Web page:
• Reduces the corporate tax rate from 35 percent to 20 percent.
  • Allows immediate writing off of capital investments for five years.
  • Establishes a "pass-through" business rate of 25 percent. Currently, pass-through business income is taxed at filers' individual rate.

Why the wealthy benefit: Economists generally don't dispute that in an immediate sense, the GOP tax plan disproportionately benefits the wealthy.

  • Reducing the pass-through rate is a pretty straightforward benefit to the wealthy. Under the new tax structure, only higher-income people being taxed at the 35 percent rate will benefit from a lower (25 percent) pass-through rate.
  • Economists disagree about who pays what amount of corporate taxes. But it's generally accepted that shareholders and capital owners pay more of the corporate tax than workers, so therefore would benefit more from a tax reduction than workers would.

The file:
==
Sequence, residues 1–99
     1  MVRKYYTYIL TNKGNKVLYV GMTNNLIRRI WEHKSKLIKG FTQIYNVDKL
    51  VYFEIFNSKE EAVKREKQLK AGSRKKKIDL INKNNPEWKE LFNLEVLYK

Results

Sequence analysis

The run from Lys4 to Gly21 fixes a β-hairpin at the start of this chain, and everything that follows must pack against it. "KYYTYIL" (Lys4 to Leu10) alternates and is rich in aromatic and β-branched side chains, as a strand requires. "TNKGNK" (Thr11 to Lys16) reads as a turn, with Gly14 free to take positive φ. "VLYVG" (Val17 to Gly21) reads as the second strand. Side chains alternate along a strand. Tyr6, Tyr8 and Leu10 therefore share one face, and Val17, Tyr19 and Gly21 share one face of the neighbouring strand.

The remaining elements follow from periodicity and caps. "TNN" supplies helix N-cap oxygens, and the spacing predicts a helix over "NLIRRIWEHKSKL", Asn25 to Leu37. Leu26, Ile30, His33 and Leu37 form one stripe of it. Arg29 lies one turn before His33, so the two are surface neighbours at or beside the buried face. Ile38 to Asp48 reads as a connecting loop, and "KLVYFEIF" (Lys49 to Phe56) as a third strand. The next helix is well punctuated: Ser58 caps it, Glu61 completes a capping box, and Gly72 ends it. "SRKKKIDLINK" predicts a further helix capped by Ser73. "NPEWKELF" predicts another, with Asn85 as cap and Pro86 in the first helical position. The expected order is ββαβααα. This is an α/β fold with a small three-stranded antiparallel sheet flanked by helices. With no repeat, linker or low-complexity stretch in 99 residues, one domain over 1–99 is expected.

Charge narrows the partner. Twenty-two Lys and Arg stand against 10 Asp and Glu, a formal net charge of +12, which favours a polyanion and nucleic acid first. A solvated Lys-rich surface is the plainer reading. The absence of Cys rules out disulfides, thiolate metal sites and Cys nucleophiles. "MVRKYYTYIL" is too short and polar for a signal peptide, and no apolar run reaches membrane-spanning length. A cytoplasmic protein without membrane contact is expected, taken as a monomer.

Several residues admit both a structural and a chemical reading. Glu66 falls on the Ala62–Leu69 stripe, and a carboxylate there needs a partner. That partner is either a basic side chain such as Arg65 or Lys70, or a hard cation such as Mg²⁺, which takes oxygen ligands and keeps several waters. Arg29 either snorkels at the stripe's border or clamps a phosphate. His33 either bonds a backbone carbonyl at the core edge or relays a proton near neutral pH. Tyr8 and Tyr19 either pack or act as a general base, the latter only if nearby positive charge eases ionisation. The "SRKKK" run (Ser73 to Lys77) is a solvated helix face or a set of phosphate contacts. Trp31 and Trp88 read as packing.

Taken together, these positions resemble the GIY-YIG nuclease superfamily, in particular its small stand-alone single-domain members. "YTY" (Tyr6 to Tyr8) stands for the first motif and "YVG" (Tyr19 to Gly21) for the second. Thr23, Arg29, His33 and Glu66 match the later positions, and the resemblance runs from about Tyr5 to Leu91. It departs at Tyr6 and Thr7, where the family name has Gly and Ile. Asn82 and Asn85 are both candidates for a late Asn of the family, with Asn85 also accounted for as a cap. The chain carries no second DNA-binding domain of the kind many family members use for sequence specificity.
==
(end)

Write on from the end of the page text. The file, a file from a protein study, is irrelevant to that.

• On the other hand, of course the wealthy benefit from tax cuts— they pay much more in taxes than lower income people, who often don't pay any taxes. "You cannot do individual income tax policy without talking about the affluent because they're the ones who pay tax," said Doug Holtz-Eakin, president of the American Action Forum. Wealthier people also own businesses.
How workers could benefit: This is where economists start to significantly disagree.
  • A Council of Economic Advisers report released yesterday found that reducing the corporate tax rate to 20 percent would increase average household income by $4,000 a year. (Liberal economists disagreed.)
  • When corporate rates are lowered, this results in more jobs, higher wages and more benefits, former Senate Finance aide Chris Condeluci told me. "As more people are spending money in the economy, it's almost like a rising-tides-raises-all-boats," he said.